Natural Resources, School of


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Environmental and Engineering Geoscience (February 2004) X(1): pp. 69-90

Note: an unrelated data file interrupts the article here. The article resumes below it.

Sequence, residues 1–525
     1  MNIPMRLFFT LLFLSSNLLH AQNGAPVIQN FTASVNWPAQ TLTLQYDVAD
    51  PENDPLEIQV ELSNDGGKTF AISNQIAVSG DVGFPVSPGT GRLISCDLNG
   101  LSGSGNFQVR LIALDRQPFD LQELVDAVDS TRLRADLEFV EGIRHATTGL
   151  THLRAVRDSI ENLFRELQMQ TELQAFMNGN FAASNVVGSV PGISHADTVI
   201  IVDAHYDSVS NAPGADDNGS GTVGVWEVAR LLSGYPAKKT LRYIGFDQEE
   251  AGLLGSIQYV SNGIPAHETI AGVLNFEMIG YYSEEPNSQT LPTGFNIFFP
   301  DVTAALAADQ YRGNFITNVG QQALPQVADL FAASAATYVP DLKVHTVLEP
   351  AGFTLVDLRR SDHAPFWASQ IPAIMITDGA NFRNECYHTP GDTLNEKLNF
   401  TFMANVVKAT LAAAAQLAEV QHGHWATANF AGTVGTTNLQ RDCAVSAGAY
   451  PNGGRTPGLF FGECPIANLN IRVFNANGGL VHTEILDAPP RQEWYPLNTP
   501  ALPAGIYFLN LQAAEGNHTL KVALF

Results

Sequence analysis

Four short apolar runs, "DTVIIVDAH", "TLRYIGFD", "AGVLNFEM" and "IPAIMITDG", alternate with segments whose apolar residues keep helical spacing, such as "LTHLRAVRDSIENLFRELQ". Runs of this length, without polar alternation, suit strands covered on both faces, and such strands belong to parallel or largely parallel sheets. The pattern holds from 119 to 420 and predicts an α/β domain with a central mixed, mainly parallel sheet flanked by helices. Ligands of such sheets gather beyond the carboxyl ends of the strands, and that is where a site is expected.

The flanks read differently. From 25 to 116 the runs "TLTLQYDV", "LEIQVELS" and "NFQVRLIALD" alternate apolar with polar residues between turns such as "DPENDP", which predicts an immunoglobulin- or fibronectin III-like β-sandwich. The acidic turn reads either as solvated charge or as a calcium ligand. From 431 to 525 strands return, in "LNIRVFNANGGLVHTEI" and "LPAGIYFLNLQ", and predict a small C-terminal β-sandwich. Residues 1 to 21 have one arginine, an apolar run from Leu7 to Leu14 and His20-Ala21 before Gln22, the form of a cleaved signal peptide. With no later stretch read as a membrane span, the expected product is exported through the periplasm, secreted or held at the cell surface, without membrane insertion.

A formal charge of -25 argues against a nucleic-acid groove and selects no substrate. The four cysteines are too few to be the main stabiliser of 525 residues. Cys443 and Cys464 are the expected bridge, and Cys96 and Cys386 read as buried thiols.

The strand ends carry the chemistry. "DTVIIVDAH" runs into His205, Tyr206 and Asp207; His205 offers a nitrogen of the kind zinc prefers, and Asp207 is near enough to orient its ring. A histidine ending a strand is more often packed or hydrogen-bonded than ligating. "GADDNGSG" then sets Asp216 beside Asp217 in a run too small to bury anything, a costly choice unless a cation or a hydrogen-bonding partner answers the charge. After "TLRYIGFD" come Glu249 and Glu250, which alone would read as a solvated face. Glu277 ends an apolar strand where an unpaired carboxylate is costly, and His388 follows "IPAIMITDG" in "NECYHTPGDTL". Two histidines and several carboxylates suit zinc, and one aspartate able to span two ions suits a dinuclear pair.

Lake C. W. McConaughy, a 63-year-old manmade reservoir in the North Platte Valley of western Nebraska, is the largest standing body of water in the state. From the time that Kingsley Dam was completed in 1941 until the present day (2004), many geomorphic and environmental changes have occurred along the shores and within the North Platte Valley. Erosion on the southeastern shoreline of the lake had been perceived as a problem for landowners and managers for at least three decades, but the full scale of erosion was revealed only after a cumulative 18-m drawdown in lake level: bedrock platforms, extending from cliffs on headlands, as well as minor caves, alcoves, potholes, and beach erosion scarps were revealed. Actual headland retreat since 1941 has probably been on a scale of magnitude of tens of meters. Erosional platforms, however, are as much as 266 m in length, indicating that they are, collectively, the results of a combination of pre-reservoir geomorphic conditions, erosion during reservoir filling, and wave erosion after filling. Serial observations of the shoreline made in the period 1999-2002 demonstrated that shoreline erosion continues. Depositional features such as pocket beaches and beach ridges have formed de novo in bays between headlands. Also, a delta that prograded at least 4 km from the North Platte River into the lake between 1952 and 1993 continues to grow, and major morphometric changes have occurred on the North Platte River immediately upstream since 1941 in response to the elevation of the local base level by the lake; most of the change in channel patterns in the river upstream from the delta took place in a mere 8 years from 1952 to 1960. Since 1999, some emergent beaches and areas of exposed lake floor have developed sand dunes; eolian erosion and re-deposition is widespread elsewhere in these areas during periods of high winds, which are frequent in western Nebraska. The water table beneath lands adjacent to the reservoir generally rose until 1953 as the lake was filling. The far-flung irrigation system of which Lake McConaughy is the key element has elevated water tables as far as 250 km from the lake. Since at least 2000, soil salinization (episodic thenardite accumulation) has developed in exposed lake sediments at the western end of the lake. On a smaller scale, groundwater has been discharging lakeward along shoreline beach scarps through springs and seeps while lake levels have been low. Slightly lowering the operating level of Lake McConaughy could slow some of the more dramatic effects of shoreline erosion when the lake returns to its predrought volume, but erosion will continue, particularly at the ends of headlands on the southeastern shore, which are exposed to strong waves driven by northerly to northwesterly winds. Eolian erosion and re-deposition will, on the other hand, continue as long as lake level remains particularly low as a result of drought and the removal of irrigation waters. Salinization can be considered an ephemeral phenomenon, dependent on future management of the lake, but it indirectly represents the potential for larger-scale changes in hydrogeologic systems. The longer-term effects of lake-related water-table changes, both near the lake and downstream in irrigated lands, as well as the ability of the lake to supply irrigation water if drought conditions continue, remain to be seen.